A claim of vast reservoirs of water deep in the earth is based on indirect evidence, and likely has little or nothing to do with surface water or floods.
Science Daily reported, “New evidence for ‘oceans’ of water deep in Earth: Water bound in mantle rock alters view of Earth’s composition.” The amount of water may be triple the volume of all the earth’s oceans and lakes combined, the article says.
Researchers from Northwestern University and the University of New Mexico report evidence for potentially oceans worth of water deep beneath the United States. Though not in the familiar liquid form — the ingredients for water are bound up in rock deep in the Earth’s mantle — the discovery may represent the planet’s largest water reservoir.
The water is inferred to exist indirectly through echoes of seismic waves. Scientists believe it became entrapped in mantle rock during subduction of continental plates. The findings were published in Science Magazine.
A key point about this water is that it is bound up in mantle rock; it does not exist in a liquid form. Indeed, it cannot be liquid, because it is under extreme pressure and heat in the transition zone between the upper and lower mantle. Being 250 to 410 miles deep, it has no way to reach the surface and influence the oceans except through plate tectonics. The “ingredients” for water are bound up in minerals like ringwoodite and wadsleyite that can contain 1–3% water by weight.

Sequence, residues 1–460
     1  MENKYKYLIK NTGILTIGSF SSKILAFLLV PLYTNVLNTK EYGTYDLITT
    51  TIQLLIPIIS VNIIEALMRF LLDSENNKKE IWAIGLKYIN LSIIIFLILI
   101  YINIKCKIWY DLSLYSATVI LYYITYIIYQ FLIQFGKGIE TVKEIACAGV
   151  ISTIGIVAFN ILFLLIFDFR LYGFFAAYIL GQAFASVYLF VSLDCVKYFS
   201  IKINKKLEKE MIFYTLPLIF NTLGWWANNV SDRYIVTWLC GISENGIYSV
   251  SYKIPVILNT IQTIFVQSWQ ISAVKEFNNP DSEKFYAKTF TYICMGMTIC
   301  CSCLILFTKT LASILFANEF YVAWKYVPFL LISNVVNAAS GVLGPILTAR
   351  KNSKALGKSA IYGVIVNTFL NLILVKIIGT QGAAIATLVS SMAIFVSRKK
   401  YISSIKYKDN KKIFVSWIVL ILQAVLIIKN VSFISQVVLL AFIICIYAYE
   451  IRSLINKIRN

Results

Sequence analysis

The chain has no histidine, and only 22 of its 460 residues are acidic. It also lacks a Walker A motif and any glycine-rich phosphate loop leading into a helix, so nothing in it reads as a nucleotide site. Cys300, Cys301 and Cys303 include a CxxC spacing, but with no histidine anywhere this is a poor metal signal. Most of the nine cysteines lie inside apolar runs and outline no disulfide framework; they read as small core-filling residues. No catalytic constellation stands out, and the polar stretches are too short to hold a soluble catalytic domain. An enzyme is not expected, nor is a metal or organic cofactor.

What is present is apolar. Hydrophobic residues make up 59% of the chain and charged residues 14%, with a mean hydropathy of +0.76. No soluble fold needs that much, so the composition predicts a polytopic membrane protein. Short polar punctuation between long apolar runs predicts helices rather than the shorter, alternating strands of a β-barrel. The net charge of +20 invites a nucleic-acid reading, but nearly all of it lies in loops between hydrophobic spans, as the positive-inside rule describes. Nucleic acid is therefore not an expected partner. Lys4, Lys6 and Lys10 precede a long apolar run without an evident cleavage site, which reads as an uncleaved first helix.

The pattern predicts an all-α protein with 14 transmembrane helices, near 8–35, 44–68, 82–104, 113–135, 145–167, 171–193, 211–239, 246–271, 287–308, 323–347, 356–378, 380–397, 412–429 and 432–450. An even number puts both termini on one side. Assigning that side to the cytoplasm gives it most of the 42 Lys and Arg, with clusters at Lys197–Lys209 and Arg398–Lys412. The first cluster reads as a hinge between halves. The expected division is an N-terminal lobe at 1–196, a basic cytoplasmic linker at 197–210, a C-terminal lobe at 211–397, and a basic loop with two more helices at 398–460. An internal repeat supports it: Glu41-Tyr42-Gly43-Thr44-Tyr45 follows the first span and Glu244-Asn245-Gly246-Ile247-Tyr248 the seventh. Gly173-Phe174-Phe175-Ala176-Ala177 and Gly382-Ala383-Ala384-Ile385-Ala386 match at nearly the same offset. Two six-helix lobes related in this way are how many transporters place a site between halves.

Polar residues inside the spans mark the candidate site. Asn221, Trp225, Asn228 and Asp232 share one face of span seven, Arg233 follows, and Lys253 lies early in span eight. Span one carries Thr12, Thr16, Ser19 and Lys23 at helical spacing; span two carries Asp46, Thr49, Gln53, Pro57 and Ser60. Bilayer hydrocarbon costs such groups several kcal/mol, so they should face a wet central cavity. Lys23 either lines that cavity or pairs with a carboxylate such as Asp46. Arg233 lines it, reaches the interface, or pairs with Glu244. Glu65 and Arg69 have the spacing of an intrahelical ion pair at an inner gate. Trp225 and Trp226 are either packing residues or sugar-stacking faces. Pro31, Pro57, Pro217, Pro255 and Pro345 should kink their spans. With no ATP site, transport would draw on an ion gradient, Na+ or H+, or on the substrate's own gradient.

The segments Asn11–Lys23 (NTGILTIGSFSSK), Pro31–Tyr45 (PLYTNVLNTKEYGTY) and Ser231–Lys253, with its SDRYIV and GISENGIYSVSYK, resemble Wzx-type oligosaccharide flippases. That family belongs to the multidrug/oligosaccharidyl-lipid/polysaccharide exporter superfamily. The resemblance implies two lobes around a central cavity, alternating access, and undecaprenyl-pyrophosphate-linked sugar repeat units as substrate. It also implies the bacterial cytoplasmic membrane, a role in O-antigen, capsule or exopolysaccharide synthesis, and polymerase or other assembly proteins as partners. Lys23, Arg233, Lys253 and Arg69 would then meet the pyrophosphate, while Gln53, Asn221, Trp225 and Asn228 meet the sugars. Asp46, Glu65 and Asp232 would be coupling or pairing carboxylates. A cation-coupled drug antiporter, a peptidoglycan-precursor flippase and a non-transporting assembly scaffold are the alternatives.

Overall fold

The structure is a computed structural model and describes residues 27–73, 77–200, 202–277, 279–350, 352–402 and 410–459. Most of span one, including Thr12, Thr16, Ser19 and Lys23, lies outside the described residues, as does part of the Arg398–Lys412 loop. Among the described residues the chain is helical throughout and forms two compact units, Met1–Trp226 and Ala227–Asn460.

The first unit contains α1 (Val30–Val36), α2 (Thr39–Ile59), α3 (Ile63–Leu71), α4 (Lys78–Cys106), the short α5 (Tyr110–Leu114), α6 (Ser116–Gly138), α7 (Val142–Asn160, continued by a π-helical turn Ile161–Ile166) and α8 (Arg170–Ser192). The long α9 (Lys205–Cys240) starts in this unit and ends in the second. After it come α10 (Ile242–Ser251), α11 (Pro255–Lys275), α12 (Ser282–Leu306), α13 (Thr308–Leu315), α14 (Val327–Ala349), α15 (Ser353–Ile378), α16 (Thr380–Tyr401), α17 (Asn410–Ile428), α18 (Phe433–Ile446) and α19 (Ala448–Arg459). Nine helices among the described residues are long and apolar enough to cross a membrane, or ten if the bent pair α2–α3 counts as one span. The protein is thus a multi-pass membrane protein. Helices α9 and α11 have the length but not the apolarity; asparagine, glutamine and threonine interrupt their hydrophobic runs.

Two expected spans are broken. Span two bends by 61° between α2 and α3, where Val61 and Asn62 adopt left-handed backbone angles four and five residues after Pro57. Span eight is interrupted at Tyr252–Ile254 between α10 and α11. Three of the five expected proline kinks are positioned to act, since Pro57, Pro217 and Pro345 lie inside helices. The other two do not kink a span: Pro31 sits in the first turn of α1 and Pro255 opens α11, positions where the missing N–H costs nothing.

A number of people sent links to this story as if it supported a global Flood. They must have pictured an ocean of liquid water under the crust, ready to burst forth. Unfortunately, this “water” is bound to minerals, like it is on the dry moon. Certain minerals can bind H2O in their chemical composition. Even though the sheer volume of the minerals could contain a sizeable quantity of water (if it were at normal surface temperature and pressure), that does not mean that this water is available to the surface.
It’s important not to read headlines and jump to conclusions. Headlines are often more flamboyant than the data. Unless a creation geologist can explain how the water could have become available to the surface in liquid form, it likely has nothing to do with a global flood. The article states that “water may be cycling between Earth’s surface and interior reservoirs through plate tectonics,” but the actual paper says nothing about this. In the evolutionary timeline such cycling would take millions of years. Creation geologists would have to present a plausible model for cycling it much faster. This water is much deeper than allowed in certain flood models such as the hydroplate theory, which postulates water chambers 10 miles beneath the crust. The mantle water is over 250 miles down. One needs to have a plausible mechanism for bringing it up from that depth and releasing it from its mineral cage if it is to play any role in surface conditions.
The deep “water” does create a problem for secular geologists and planetologists, though, because it increases the amount of volatile material that “Theia” (the hypothetical planet that smashed into earth and formed the moon—see 6/12/14) had to bring from elsewhere.
There are bodies in the solar system that do have oceans of liquid water under their surfaces: among them Europa, Enceladus, maybe Ganymede and Callisto, and now Pluto (Science Daily). Pluto may have had a subsurface liquid ocean in the past, the article says. The presence of liquid water in small bodies in the outer solar system poses a severe challenge for the belief these bodies are billions of years old.